Commonwealth Games 2022 – it’s not all about sport

Commonwealth Games 2022 – it’s not all about sport

As legal partner to Commonwealth Games England, we are in awe of the fabulous dedication of the athletes and our eyes have been gazing towards the 2018 Games for some years. Yet for a host city, the greatest benefit is not the event itself, it is the enduring legacy of the Games.

However, as the Gold Coast Commonwealth Games draws to a close and attention turns to Birmingham and the countdown to 2022 you have to ask what might Birmingham’s legacy be from the 2022 Games as host city? Adrian Bland, Head of Commercial Real Estate at Shakespeare Martineau and Chair of Urban Land Institute in the Midlands, provides his thoughts…

Brand and perception – the new “diverse, young, contemporary city” will put on the map both through the global TV audience but also with an anticipated increase in tourism to the city of between 500,000 and one million visitors on each day of the Games. If Birmingham can follow in the footsteps of the likes of Welcome to Yorkshire and capitalise on the value of hosting the Grand Départ (Tour de France 2014) it will do very well.

Infrastructure – the accelerated investment in systems such as the Sprint rapid bus transit lines – improving connectivity and spurring new development – will enhance the region`s infrastructure for future generations in a way that wouldn’t have been possible without hosting the Games.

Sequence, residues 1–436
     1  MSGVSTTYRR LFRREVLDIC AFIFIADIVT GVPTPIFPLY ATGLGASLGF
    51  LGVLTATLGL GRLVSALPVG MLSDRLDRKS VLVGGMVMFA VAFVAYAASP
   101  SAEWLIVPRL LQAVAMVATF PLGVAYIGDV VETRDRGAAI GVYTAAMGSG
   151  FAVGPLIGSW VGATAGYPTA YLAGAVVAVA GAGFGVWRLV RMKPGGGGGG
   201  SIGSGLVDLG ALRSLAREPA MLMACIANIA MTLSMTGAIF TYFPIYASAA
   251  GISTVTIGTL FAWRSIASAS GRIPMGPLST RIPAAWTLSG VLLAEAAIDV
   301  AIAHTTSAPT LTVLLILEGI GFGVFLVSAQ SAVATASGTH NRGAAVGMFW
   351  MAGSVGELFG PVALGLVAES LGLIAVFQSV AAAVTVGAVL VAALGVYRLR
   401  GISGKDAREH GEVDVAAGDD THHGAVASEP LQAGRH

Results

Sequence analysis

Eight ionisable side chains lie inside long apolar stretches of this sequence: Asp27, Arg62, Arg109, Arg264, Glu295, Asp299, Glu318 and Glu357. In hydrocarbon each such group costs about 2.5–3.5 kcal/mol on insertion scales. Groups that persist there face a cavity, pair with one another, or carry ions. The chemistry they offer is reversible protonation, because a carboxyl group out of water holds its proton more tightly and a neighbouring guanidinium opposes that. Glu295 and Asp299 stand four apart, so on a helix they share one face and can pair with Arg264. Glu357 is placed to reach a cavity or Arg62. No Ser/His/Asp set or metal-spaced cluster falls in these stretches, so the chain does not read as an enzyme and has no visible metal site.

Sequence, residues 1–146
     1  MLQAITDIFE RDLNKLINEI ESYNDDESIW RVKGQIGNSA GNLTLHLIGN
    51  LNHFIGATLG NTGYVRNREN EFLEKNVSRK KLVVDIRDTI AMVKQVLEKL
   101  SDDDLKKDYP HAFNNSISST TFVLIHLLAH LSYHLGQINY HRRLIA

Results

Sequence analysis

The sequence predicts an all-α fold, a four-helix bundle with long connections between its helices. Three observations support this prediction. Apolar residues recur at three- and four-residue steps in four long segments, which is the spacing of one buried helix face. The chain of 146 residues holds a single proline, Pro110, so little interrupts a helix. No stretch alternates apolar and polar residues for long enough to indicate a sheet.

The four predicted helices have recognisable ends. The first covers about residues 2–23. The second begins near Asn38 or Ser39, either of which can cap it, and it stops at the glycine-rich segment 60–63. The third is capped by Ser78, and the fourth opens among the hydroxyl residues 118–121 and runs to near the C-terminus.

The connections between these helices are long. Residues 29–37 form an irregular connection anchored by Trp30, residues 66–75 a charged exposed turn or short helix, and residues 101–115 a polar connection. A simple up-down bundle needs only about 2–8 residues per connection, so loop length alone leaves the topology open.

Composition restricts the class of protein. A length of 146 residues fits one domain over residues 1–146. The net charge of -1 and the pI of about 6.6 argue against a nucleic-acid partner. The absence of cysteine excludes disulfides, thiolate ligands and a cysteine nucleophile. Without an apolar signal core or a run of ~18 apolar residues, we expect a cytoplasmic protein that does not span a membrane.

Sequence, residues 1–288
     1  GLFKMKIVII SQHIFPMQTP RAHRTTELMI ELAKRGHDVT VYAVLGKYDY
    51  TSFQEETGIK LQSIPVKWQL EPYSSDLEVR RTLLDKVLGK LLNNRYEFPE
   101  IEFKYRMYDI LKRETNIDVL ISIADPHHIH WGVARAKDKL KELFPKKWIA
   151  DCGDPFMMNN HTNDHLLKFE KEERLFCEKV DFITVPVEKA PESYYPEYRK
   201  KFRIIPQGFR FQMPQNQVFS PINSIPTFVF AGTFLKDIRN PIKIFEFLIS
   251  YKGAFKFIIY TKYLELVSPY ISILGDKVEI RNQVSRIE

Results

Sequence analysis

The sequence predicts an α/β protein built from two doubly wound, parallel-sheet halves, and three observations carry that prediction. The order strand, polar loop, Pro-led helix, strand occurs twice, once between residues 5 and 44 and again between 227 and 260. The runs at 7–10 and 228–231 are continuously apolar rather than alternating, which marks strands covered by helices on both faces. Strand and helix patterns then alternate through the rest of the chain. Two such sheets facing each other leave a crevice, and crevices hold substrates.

Facilities – with an enhanced Alexander Stadium and a sparkling new Aquatics Centre in Smethwick, Birmingham will be able to complete with other cities to host even more global events and for local residents to enjoy.

Housing – the 1,000 unit athletes’ village will be turned into affordable housing for the city and act as a catalyst for more residential development in Perry Bar and the first phase of a wider programmes to deliver up to 3,000 new homes – part of the Birmingham Development Plan which looks to introduce 50,000 new homes by 2031.

Momentum – the city will be given a real turbo boost as a result of the Games. The acceleration of activity comes at a time of long-awaited resurgence with HS2, Metro extension, JLR, HSBC and more.

Pride – Brummies have been rediscovering their swagger – the Games will provide another boost to civic pride.

Health – hard to achieve but if the Games can increase long-term participation in sports and exercise, that could be the most valuable benefit of all.

For those of you who follow the Commonwealth Games bidding process, you will know that usually cities have seven to eight years to put everything in place as part of the process, but 2022 is different, Birmingham will have just four years. And experience of global events elsewhere makes it clear that legacy does not just happen, it needs to be built into plans – whatever the timetable.

Just take a look back at the London 2012 Olympic legacy, the organisers were keen to ensure they didn’t follow in the footsteps of Athens 2004, which left venues abandoned once the Games had departed. So it took giant strides to ensure legacy was considered in the planning. The result has been a qualified major success: accelerated transformation of East London, new housing, new infrastructure and new jobs but criticism about some of the community impacts. Birmingham can learn from what went well and what not so well in London – and other host cities such as Turin, Vancouver and Auckland.

For Birmingham, there needs to be absolute clarity about what is sought, how to secure it and who will deliver what. All the more so in this short timescale. It is not just the athletes who will need world-class focus, preparation and personal bests. It’s our civic leaders and their teams too.